Hon. Moses Okot (FDC, Kioga County) said that the Anti-Homosexuality Bill of 2014, which was overturned in court because it was passed without a quorum in Parliament, should be brought back.

“Why is it that this Parliament is not moving ahead to create the intended forum so that we bring the bill back to the House for enactment?” Okot asked.

Bukonjo County West MP, Hon. Atkins Katusabe, said that the anti-HIV bylaw did not reflect the will of the people.

“This by-law is not a position of the people of Kasese. Kasese is a highly religious district and we are law abiding citizens.. Katusabe said’

The State Minister for Local Government, Hon. Victoria Rusoke, said; “We should debate as Parliament to come up with something very reprimanding to deter this habit.”

Key populations is a term used by the government of Uganda to refer to people who are highly vulnerable to HIV and bear the highest burden of infection, yet they are hard to reach because of the stigma and discrimination they are subjected to.

These include men who have sex with men, transgender persons, sex workers, people who inject drugs, and people in prisons and other confined settings.

In Uganda, approximately 25 percent of new HIV infections are among members of these key populations and their partners.

It is estimated that key populations in Uganda total approximately 310,000 individuals. The percentage of people living with HIV among these populations is five times higher than in the general population.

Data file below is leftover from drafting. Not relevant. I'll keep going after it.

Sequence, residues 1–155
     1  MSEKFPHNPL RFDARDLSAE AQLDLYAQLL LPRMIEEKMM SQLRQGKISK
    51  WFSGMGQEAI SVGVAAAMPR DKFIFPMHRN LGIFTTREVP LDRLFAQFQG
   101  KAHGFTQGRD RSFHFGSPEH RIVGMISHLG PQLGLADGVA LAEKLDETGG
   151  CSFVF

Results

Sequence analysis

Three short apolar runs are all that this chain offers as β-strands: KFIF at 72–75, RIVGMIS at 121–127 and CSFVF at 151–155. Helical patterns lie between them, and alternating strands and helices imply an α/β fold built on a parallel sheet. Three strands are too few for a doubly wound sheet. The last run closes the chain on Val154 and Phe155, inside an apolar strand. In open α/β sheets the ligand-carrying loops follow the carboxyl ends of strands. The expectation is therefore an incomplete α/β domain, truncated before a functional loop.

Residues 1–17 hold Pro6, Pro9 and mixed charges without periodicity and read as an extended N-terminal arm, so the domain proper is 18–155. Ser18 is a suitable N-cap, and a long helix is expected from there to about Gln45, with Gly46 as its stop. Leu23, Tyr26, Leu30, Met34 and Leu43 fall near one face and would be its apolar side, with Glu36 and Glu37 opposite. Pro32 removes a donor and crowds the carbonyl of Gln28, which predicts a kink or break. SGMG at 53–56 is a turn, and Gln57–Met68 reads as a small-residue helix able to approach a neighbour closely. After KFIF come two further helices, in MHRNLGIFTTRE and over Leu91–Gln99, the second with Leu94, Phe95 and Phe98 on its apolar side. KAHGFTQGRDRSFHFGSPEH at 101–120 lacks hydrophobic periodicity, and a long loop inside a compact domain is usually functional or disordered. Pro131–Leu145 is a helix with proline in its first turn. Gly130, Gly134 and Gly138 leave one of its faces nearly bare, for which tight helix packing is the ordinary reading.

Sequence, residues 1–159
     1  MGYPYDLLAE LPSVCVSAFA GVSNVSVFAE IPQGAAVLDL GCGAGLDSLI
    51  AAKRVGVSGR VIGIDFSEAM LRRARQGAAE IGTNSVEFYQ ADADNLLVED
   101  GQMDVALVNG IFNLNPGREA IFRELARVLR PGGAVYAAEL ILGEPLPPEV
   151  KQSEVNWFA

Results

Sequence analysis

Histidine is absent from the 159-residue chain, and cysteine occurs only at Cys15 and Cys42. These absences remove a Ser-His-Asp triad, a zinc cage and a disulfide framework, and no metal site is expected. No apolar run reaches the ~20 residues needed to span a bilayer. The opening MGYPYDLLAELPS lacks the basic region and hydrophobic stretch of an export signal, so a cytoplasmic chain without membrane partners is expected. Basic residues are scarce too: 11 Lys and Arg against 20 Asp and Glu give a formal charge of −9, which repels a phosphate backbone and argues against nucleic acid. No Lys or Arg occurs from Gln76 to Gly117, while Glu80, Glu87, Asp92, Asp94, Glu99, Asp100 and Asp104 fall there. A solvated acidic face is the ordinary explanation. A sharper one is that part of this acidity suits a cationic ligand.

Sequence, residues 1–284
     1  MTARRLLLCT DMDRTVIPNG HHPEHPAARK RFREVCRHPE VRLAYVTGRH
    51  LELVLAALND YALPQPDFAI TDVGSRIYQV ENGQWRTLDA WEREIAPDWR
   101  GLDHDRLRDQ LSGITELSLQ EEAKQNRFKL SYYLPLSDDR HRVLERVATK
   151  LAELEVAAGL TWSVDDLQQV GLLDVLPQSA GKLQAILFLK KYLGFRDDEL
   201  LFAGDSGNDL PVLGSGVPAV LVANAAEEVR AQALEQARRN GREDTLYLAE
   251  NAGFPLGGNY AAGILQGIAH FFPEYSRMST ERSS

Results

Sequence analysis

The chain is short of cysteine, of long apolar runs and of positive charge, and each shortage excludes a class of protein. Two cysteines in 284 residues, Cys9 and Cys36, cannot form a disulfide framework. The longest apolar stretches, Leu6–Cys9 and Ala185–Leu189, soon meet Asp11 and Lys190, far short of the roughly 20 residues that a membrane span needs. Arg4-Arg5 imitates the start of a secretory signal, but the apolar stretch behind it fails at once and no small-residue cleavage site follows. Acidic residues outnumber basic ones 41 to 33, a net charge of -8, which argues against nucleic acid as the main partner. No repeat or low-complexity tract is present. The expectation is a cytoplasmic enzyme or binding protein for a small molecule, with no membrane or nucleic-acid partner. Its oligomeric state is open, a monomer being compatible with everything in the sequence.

In a statement issued in response to the homophobic remarks made by the deputy speaker and a handful of Members of Parliament, HRAPF stated:

Logo of HRAPF, the Human Rights Awareness and Promotion Forum

“HRAPF cannot be a ‘sponsor’ of a motion before Kasese Municipal Council (or any other Municipal Council) as it has no legal standing in this regard under the Laws of Uganda.

“HRAPF notes that it has been suggested that the proposed by-law may contravene the laws of Uganda. On this point we would want to respectfully disagree. The Constitution of the Republic of Uganda in Article 21(1) guarantees equality and nondiscrimination for all persons ‘before and under the law in all spheres of political, economic, social and cultural life and in every other respect,’ and guarantees equal protection of the law to all persons.

“As such, a proposed law that seeks equal access to HIV services for all persons, including key populations, cannot be said to be against the Constitution.